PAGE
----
LOS ANGELES -- If this were November, or even December, the Los Angeles Lakers could afford to spin the positive signs and the tad of momentum from the ultimately futile fourth-quarter comeback against the Los Angeles Clippers on Friday night.
Only it's January, and they can't afford losses of any kind. They're bankrupt. Whatever time, goodwill and good intentions they had in their accounts are flushed.
They are 15-17, and the initial feedback on this make-or-break stretch of five games is that they're broken. They don't have the luxury of taking comfort in their fourth-quarter rally that cut a 19-point deficit down to two. Not when their mission is to overcome the two games that separate them from the eighth and final spot in the Western Conference playoff race.
They couldn't win this game even though Clippers didn't have Sixth Man of the Year candidate Jamal Crawford, who succumbed to a foot injury he suffered in Denver and tried to play through for a game and a half. Chris Paul played more minutes than he has been and did more scoring than he has all season (notching his first 30-point game), while still managing to dish 11 assists.
The Lakers seem incapable of getting every part moving at once. They got the type of game they anticipated from Dwight Howard when they traded for him last summer, with him making his presence felt on both ends of the floor. They got the usual 30-plus-points outing from Kobe Bryant. Steve Nash had 10 assists.
But their defense allowed 61 points in the first half and 87 points through three quarters. Pau Gasol looked only vaguely connected with the offense and couldn't do anything with the ball when he got it.
Gasol's dismal night was the most glaring problem. The Lakers were minus-20 when he was on the court. He made only 1 of 6 shots, couldn't keep opponents away from the backboards or beat them to loose balls and would have spent the entire fourth quarter on the bench if Howard had not fouled out with a minute left.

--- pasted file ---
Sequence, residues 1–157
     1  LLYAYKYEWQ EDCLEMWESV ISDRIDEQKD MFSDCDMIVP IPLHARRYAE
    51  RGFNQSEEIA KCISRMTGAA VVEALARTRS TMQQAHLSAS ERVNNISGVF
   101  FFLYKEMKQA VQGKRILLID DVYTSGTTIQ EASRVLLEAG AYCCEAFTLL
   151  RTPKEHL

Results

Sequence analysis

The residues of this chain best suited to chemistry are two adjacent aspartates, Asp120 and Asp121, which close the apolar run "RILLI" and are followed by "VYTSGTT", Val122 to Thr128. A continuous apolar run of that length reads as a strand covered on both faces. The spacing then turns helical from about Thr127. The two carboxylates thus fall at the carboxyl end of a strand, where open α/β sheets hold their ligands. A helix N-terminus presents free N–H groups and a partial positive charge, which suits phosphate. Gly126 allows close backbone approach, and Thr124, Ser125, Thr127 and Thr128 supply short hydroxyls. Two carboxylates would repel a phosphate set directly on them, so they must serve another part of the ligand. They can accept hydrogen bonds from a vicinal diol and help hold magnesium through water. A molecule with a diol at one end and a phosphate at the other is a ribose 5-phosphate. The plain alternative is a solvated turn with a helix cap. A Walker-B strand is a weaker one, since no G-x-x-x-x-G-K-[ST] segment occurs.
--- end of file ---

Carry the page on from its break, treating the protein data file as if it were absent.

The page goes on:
Gasol is trapped playing for a coach who doesn't believe in dumping the ball into the low post, and he is further displaced by playing with another big man who gets first dibs on the territory Gasol would prefer to occupy.
"It's been difficult for me to figure out how to get there and operate from there," Gasol said. "I'll try to play the game as well as I can."
The Lakers have awaited Nash's return from an injury he suffered in the second game of the season to see how the star-studded lineup they assembled would work out.
With Nash back for the past six games, we're beginning to get enough data to see where this experiment is headed. According to the Elias Sports Bureau, Bryant, Gasol, Howard and Nash have played 146 minutes together and have outscored opponents 325-311, or plus-14.
In 55 minutes with that group minus Gasol, the Lakers have outscored opponents 121-100 (plus-21). With Gasol in and Howard out, they have been outscored 134-123 (minus-11) in 53 minutes.
Gasol does have two key players championing his cause in Nash and Bryant.
"Six months ago, [Gasol] was unbelievable in the Olympics," Nash said. "That's still in there somewhere."
"We need to go through him a lot more," Bryant said. "He needs touches on the elbow, touches on the post."
We know that won't happen at the expense of Bryant's shot total. Bryant is like a congressman who doesn't want to cut the federal deficit without reducing spending on his district. While Mike D'Antoni's credo is the ball will find energy, Bryant believes that shots come to those who demand them and impose their will on the offense.
Still, Bryant sounds more sympathetic to Gasol's plight than he has been to Howard's struggles throughout the season.
Bryant doesn't appear to have much patience with Howard. After one defensive lapse, Nash tried to offer Howard a little encouragement. Bryant simply turned and started heading downcourt.
It's not that Bryant has hopped in the escape pod, abandoned the spaceship and gone off to his own planet. He still tried to tell Jordan Hill which defensive angles to take. He found Nash for a couple of 3-pointers. He exerted more energy on the defensive end than he has all season, guarding Chris Paul for most of the night and jumping the passing lanes to come up with five steals.
It's just that he and Howard are far from the devastating combo he and Shaquille O'Neal formed earlier in Kobe's career. Howard had more moments than usual, with 21 points, 15 rebounds and two blocked shots. He finally felt like a factor.
But rather than bludgeoning teams the way Shaq and Kobe used to, rather than winning the mental battle before the opening tip, the Lakers spend quarter after quarter, night after night, playing from behind. When it was suggested to Bryant that the Lakers no longer have an intimidation factor, he complied.
"I think that's fairly safe to say," Bryant said. "Because we're a below-.500 team."
That's the only way to assess the Lakers. It's no longer about them progressing or learning or coming together. It's about them losing more than they win.